"Towards the end when you don't do that, there's always an edge to the game and we seemed edgy towards the end and it was important for us to get that win of course. You can see that and we never got that composure or quality to get the second goal that would have made it more comfortable."

United continue their Champions League campaign at home to Istanbul Basaksehir on Tuesday.

Zinedine Zidane saw cause for optimism in Real Madrid's draw at Villarreal on Saturday and had little interest in entertaining his critics.

Madrid returned to LaLiga action following the international break without key men Sergio Ramos and Karim Benzema.

Looking to respond to a 4-1 defeat at Valencia last time out, the champions looked to have done enough to win as Mariano Diaz - starting for the first time in 18 months - netted after two minutes.

But Gerard Moreno's penalty after a Thibaut Courtois foul kept Madrid in fourth, three points behind early leaders Real Sociedad.

The goals were the only shots on target at either end, although Villarreal had 13 total attempts to Madrid's six. Zidane still felt his team deserved the points.

"I think we deserved more, considering what we did," he said. "Especially in the first half. We've dropped two points.

"I'm upset for the players because of the effort they gave. I felt we could have taken the three points today and that's a shame."

Zidane had acknowledged prior to the match that there was pressure at Madrid, but he defended his hopeful outlook despite another tough result.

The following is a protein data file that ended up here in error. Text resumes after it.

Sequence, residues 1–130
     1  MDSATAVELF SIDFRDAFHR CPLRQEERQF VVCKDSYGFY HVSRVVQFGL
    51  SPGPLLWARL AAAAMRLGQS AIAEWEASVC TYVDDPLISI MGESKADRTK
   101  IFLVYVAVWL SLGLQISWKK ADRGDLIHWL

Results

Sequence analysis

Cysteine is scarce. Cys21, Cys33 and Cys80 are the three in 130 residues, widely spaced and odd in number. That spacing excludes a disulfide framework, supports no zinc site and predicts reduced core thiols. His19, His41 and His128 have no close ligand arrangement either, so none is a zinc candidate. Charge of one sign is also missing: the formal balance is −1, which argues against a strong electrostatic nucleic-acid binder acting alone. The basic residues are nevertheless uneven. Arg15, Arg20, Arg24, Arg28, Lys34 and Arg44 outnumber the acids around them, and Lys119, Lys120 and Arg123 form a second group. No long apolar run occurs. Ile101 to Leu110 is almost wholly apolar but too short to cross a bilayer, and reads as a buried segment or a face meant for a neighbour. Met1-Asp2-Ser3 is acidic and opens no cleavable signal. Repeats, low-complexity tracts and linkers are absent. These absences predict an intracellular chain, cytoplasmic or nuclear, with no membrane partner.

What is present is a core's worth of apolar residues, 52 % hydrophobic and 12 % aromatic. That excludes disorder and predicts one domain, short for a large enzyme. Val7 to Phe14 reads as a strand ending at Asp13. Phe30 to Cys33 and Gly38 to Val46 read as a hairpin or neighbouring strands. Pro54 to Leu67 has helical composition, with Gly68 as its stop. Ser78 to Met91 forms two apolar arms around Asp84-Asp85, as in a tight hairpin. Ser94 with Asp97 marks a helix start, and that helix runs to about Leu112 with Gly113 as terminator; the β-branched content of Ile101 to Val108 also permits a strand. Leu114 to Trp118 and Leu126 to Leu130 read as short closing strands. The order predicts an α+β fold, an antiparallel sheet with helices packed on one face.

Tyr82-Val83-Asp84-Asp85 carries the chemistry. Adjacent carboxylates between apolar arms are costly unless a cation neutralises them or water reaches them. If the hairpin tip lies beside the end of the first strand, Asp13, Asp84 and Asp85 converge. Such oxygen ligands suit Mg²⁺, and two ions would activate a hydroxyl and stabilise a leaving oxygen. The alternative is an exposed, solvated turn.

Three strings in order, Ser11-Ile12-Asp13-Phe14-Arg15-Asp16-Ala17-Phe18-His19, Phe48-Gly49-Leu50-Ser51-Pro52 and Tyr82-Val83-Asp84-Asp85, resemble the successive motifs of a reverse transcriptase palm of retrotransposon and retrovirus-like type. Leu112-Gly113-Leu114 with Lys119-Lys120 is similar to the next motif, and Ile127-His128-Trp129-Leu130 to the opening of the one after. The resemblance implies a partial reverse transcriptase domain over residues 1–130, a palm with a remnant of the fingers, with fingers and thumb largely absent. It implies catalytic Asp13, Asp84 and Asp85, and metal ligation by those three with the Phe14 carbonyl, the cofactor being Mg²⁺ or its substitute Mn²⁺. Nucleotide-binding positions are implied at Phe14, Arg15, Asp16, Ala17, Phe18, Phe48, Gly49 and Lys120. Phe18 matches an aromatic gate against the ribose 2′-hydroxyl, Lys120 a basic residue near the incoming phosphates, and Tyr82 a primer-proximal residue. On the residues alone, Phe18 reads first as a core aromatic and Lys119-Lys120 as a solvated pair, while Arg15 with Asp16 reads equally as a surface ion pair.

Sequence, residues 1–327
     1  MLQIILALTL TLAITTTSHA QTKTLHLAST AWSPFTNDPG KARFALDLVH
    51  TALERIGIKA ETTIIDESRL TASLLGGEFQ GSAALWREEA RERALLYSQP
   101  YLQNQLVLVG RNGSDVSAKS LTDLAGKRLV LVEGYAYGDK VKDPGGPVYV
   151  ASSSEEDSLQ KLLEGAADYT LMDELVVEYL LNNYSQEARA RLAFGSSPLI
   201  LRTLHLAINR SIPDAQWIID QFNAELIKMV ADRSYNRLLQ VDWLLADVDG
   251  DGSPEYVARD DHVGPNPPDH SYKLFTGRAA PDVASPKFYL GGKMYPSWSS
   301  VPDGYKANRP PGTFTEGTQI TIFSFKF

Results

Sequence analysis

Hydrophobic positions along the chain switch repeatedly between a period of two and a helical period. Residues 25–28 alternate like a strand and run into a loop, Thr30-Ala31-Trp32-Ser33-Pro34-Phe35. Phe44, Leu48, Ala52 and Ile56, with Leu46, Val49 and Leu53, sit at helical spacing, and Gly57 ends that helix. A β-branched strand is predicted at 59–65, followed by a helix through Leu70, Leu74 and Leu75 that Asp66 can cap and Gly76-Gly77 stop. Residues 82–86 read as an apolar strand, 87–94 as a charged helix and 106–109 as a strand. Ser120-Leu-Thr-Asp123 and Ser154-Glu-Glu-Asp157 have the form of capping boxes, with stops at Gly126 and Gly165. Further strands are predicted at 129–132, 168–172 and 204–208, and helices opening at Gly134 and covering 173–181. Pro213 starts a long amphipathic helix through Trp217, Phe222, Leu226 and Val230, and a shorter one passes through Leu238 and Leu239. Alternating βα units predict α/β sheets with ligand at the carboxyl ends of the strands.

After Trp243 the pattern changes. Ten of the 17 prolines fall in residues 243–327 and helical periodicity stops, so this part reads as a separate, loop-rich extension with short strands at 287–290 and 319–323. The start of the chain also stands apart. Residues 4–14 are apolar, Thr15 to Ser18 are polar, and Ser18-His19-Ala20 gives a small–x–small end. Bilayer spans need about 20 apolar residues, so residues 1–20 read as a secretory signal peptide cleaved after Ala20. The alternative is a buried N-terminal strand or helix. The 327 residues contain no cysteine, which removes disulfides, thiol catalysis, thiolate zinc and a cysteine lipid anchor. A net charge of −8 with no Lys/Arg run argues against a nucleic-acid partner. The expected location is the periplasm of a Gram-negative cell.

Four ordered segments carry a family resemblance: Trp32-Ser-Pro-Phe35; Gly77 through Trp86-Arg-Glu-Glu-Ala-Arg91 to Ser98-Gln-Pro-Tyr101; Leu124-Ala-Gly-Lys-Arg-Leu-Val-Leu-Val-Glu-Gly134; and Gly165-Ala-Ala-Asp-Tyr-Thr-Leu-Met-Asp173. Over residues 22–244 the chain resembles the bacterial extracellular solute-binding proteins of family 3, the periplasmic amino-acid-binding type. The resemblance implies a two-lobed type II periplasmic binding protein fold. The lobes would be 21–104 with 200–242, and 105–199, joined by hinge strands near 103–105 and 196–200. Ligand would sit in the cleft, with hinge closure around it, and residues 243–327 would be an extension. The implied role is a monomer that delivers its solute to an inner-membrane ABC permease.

"I keep looking forward," he said. "You continue with what you are doing and I with my work."

Other questions focused on three of his players: Mariano, who starred in Benzema's place, Eden Hazard, returning after contracting coronavirus, and Isco, appearing only as a 65th-minute substitute.

Mariano played 85 minutes, more than he had across all league matches combined since the start of last season (54), and scored with his only shot while creating two chances for team-mates.

He won three of his eight duels but could not see out the match, Zidane explained.

"The thing about Mariano is that he hadn't played for a long time," the coach said. "He was exhausted."

Hazard's display was slightly less impressive, failing to attempt a shot or play a key pass in over an hour.

"He's there. He played," Zidane said. "We need to manage the minutes well, but he's with us and he's good."

Isco likewise had no say in proceedings in an attacking sense and has still made only three LaLiga starts this term as he is linked with a January departure.

"What is happening inside will stay inside," his coach said. "Right now, Isco is a Real Madrid player and is with us. There's nothing to talk about."

Mikel Arteta ensured there will be consequences when he finds out how details of an altercation between Arsenal team-mates David Luiz and Dani Ceballos ended up in the media.

The Athletic reported on Thursday that David Luiz hit Ceballos on the nose and drew blood with a scratch after taking objection to a tackle from the midfielder in a training session during the international break.

Arteta insisted the incident has been dealt with and there is no problem between the players, though he claimed not to have got a good view of what happened.

While the Gunners boss was willing to chalk it up as a typical occurrence during a competitive training session, he will not be as forgiving with whoever leaked the information to the media.

"I don't like that at all, and I will find out where it's coming from," said Arteta.

"If that's the case, that goes completely against what I expect from everyone, the privacy and the confidentiality we need. There will be consequences, yes."

Ceballos was also involved in a confrontation with team-mate Eddie Nketiah prior to the opening game of the Premier League season at Fulham.

Asked if it is just a coincidence that the Spaniard was involved on both occasions, Arteta replied: "Whether or not it's a coincidence doesn't change much.

"It's just the competitive level that we demand and the standards we want to set, but obviously there's a very thin line where it is a competitive issue and when it goes somewhere else that we don't support and we don't want.